How to get through the winter cold season: 'If it ran, swam, grew or flew, eat it...'
Medicinal chef Dale Pinnock gives our reporter some dietary tips to get through winter cold season in good health
Published 29/11/2016 | 02:30
This has been the year of The Donald, of hygge and of post-truth - but surely it has also been the year of the avocado. Can there be anyone who hasn't eaten a surfeit of this ultimate health food, based on the belief that they can help you drop a stone, reduce the risk of Type 2 diabetes, or just get beautiful, glossy skin and hair?
Not Dale Pinnock. "Ugh, avocados - they taste like old socks. I do eat them - but with garlic, lime juice and chilli. There's not much chance of me overdosing on them."
His attitude might surprise some. Pinnock, 39, is best known as the Medicinal Chef, television star and the author of several cookbooks on healthy eating. Sipping black tea as we meet today, he also has the kind of glow seen on the new wave of eating and wellness gurus who Instagram their Matcha tea and wax lyrical about chia seeds.
"I agree with a lot of what is said about clean eating," he says, "but there is nonsense spouted, too. And there are people portrayed as figureheads whose only accolade is that they look great in yoga pants and drink green stuff."
He adds: "[They] have a responsibility to sometimes millions of followers. What they say will affect other people's health. So if you have that influence, you need to get credibility, too."
Actually, he means get educated. To which end, Pinnock has just set up the Sano School of Culinary Medicine, offering a challenging online nutritional course that'll set you back nearly €1,000, but that leads to an accredited Diploma in Culinary Medicine.
The course is open to all, but aimed at those who would like science-based nutritional advice - perhaps to support their careers, and current students include biochemists, chefs, GPs and nurses.
"With so many food bloggers and chefs getting into nutrition," he explains, "I felt there was a need for education derived from an evidence base. The diploma caters for people who don't want to be practitioners or spend three years at university. But it is rigorous."
The course covers anatomy and physiology, pathophysiology, and the role of nutrition within that framework. A second component involves how to apply the theory to menu development and recipe creation. Meanwhile, a specific course for doctors is under design.
Pinnock himself has extensive formal education in nutrition - two degrees (from the Universities of Kingston and Westminster), and a postgrad from the University of Surrey in nutritional medicine. He has been passionate on the subject since his teenage years, when he struggled with acne. He began to read about nutrition, soon deciding to make it his career.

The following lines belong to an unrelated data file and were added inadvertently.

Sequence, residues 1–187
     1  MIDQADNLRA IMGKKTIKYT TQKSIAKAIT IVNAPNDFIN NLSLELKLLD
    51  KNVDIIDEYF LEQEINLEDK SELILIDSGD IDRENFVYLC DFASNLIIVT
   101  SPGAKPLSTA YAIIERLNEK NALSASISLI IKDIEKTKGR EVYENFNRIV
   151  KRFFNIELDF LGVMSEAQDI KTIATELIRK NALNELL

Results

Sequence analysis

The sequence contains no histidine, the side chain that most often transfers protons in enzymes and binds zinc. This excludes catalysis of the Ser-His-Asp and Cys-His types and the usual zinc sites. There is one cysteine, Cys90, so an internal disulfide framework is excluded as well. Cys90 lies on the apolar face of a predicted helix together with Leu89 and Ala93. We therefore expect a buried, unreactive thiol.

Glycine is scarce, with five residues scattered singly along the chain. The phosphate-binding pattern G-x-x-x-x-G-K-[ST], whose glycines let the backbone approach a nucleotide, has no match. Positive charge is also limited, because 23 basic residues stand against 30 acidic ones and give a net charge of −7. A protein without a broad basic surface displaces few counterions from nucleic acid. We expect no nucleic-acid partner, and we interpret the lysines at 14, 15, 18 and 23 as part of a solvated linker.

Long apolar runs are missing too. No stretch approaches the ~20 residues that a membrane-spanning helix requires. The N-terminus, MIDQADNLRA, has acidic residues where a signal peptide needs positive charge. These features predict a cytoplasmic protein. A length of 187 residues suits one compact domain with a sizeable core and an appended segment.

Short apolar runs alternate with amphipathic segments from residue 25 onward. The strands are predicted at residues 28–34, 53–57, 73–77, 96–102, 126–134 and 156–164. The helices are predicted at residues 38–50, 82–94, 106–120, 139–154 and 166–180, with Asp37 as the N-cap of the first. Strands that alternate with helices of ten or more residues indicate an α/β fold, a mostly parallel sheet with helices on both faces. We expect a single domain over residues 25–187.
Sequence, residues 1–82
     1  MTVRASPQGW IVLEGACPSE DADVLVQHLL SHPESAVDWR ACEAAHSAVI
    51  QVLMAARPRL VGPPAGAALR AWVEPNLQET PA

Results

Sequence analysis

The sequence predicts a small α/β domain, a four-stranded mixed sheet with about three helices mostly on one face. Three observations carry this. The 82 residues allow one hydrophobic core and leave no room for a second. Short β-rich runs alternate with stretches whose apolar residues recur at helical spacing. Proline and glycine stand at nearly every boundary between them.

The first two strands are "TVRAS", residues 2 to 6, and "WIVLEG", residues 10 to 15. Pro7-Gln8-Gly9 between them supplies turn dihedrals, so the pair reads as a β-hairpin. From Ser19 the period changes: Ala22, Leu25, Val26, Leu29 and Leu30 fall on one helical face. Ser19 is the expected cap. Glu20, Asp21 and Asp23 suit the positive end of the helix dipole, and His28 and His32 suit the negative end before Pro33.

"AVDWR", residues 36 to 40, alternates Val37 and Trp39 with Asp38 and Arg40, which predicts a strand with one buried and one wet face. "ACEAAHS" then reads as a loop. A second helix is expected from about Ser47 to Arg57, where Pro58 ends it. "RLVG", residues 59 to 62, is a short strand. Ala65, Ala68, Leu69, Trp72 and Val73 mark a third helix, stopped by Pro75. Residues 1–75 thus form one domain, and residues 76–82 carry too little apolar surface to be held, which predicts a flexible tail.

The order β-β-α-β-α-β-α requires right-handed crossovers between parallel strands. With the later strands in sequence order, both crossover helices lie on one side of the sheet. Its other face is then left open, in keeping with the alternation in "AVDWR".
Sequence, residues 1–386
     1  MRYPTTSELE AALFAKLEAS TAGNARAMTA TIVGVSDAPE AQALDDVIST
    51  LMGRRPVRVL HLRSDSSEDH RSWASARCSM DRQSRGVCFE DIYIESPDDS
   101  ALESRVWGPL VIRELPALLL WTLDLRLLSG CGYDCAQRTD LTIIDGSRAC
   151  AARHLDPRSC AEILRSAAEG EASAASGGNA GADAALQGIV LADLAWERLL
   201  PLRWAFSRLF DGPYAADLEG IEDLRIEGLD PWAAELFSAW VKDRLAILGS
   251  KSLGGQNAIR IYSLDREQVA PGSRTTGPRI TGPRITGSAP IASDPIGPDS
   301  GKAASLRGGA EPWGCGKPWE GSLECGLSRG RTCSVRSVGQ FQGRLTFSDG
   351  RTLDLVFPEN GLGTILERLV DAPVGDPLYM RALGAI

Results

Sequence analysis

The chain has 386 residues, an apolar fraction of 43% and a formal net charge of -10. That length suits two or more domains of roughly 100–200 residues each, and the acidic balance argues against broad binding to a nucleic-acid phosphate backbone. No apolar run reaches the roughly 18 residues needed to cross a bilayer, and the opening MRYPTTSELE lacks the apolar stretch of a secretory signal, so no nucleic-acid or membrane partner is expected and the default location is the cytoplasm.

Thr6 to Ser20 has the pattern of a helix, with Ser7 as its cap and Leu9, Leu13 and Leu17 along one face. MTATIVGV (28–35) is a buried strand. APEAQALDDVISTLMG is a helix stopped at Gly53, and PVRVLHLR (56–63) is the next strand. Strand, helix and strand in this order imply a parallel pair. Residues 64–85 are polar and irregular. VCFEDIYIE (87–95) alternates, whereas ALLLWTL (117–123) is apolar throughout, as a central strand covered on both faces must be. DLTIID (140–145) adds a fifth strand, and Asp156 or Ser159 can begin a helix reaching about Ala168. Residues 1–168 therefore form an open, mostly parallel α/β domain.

Pinnock believes that what we eat can have a transformative effect on our health, and that the current crises in obesity and spiralling levels of Type 2 diabetes point to the urgent need for better awareness of nutrition. "On the course, we teach how normal body processes change as you get into a disease state, and look at how nutrition influences this.
"There is a lot which is in our control. On a population level, we just must change behaviour a little for the better." So what should we be eating to feel better and to ward off illness?
His approach to diet is refreshingly foolproof: "If it ran, swam, grew or flew, eat it. Leave everything else behind."
Another tip: "When you go to the supermarket, shop around the edges, where you find the fruit and veg, the meat and fish… and the red wine. We can all live without the middle aisles."
What do he and his partner Tanya Murkett, also 39 and an accountant, eat every day? "Oily fish, eggs and greens - something like cavolo nero or purple-sprouting broccoli, but it must be well-flavoured. A curry or a stir-fry."
What about carbs? "There are benefits to a low-carb diet but not a no-carb diet. You've got to educate people to the types of carbs that are good, such as root veg or fibre-dense grains such as pearl barley and quinoa. Basically, it's about ditching the white stuff."
However, no food is banned. "You don't want to take the joy out of life. You know, at Christmas I get the Quality Street out, too."
If you're keen to ward off colds and bugs this winter, shiitake mushrooms are, surprisingly, an excellent immune booster, says Pinnock. "They contain polysaccharides - sugars that have interesting effects upon the immune system. These interact with the lymphatic tissue in the gut, causing an immune cascade that increases production of certain white blood cells."